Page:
A new study shows that global warming is already affecting the frozen soils or permafrost in the Arctic. This permafrost is storing more than 10 times the amount of carbon dioxide in the atmosphere so you can just imagine the potential impact if it melts.
While most scientists are busy monitoring the carbon dioxide levels in the atmosphere, researchers at the University of Georgia's Skidaway Institute of Oceanography are studying the carbon locked in the frozen soils of Arctic believed to be thousands of years old. The team worries that as the temperature increases in the Arctic, it won't be long before the permafrost melts and releases huge amounts of carbon dioxide in the atmosphere.
The researchers compared the carbon stored in Arctic frozen soils to a food in the freezer.
"However, if you allow your food to defrost, eventually bacteria will eat away at it, causing it to decompose and release carbon dioxide," Aron Stubbins, study author from the University of Georgia institute, said in a university news release. "The same thing happens to permafrost when it thaws."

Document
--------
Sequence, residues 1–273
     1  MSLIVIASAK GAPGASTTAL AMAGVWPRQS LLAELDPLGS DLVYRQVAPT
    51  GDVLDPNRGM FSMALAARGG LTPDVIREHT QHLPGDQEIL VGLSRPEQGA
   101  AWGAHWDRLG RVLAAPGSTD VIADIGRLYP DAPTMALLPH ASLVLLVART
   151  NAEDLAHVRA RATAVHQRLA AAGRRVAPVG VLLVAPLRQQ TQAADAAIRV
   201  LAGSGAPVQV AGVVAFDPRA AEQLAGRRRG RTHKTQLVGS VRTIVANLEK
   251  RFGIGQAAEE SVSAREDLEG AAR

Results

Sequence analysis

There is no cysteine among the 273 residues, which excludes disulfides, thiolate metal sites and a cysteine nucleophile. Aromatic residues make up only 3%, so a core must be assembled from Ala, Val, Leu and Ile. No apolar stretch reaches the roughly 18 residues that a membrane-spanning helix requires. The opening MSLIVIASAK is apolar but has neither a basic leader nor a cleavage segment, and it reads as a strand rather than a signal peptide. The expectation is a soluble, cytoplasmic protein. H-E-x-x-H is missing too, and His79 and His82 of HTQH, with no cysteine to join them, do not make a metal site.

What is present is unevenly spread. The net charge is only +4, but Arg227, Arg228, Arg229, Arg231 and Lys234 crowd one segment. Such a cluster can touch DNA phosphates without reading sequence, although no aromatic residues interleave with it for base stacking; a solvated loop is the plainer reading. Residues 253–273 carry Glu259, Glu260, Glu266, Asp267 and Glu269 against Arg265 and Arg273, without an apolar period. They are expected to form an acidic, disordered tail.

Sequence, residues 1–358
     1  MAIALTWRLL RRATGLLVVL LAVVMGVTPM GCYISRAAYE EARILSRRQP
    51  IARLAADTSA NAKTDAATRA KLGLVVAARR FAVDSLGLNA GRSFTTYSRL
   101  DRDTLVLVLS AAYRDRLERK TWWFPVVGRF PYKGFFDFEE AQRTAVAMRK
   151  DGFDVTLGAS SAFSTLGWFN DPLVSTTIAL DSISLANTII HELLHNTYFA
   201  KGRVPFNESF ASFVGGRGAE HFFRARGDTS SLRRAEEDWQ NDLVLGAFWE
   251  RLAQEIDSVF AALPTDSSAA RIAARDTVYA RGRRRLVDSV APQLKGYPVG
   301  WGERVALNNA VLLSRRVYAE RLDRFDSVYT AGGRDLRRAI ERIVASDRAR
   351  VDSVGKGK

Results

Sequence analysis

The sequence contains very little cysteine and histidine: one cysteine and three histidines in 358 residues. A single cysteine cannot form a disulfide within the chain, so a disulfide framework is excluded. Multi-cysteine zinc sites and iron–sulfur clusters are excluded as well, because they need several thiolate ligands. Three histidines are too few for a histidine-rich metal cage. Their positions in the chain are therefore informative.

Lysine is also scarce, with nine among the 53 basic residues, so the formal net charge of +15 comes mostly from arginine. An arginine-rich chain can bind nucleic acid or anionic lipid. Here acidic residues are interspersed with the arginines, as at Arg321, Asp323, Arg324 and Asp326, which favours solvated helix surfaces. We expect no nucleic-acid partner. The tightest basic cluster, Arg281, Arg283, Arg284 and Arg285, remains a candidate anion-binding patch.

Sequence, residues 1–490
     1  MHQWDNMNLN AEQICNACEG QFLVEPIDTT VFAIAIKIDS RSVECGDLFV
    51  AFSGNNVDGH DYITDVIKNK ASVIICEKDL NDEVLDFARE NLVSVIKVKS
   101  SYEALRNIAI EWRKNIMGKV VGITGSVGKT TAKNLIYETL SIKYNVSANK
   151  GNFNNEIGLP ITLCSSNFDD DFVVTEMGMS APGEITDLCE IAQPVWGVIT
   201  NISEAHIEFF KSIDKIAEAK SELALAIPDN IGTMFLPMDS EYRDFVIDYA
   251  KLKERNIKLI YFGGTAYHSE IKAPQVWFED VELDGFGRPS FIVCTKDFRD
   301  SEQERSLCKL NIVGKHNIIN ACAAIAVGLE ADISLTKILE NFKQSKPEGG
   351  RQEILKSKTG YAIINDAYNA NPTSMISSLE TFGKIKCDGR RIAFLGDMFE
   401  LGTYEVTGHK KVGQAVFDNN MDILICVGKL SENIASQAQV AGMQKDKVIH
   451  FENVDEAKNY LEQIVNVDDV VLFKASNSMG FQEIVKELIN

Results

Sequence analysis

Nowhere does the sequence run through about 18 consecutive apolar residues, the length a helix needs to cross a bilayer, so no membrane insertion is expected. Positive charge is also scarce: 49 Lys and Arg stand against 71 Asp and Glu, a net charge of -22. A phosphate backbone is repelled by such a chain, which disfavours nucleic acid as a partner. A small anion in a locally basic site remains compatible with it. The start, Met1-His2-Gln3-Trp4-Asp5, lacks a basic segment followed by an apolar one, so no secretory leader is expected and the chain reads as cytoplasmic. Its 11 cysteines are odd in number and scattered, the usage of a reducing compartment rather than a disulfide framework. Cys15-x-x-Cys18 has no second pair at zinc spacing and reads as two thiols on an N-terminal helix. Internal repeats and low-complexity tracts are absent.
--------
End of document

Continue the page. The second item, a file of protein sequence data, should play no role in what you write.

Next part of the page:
The team members focused its study on the Kolyma River, which contains organic materials. They took some samples of the permafrost and measured the age and the carbon dioxide levels. They allowed the permafrost to melt in a bottle so they can measure the amount of carbon that will be converted to carbon dioxide.
"We found that decomposition converted 60 percent of the carbon in the thawed permafrost to carbon dioxide in two weeks," Stubbins said. "This shows the permafrost carbon is definitely in a form that can be used by the microbes."
The findings confirmed an earlier belief that the carbon used by bacteria is at least 20,000 years old. It also provided evidence that the Arctic can be a main contributor to global warming.
Currently, the amount of carbon dioxide in the atmosphere continues to rise per year. Meteorologists predicted that if it persists, the average temperature will increase by 2.5 degrees Celsius. However, this estimate factored in the heavy use of fossil fuels only.
The study was published in the April 23 issue of Geophysical Research Letters.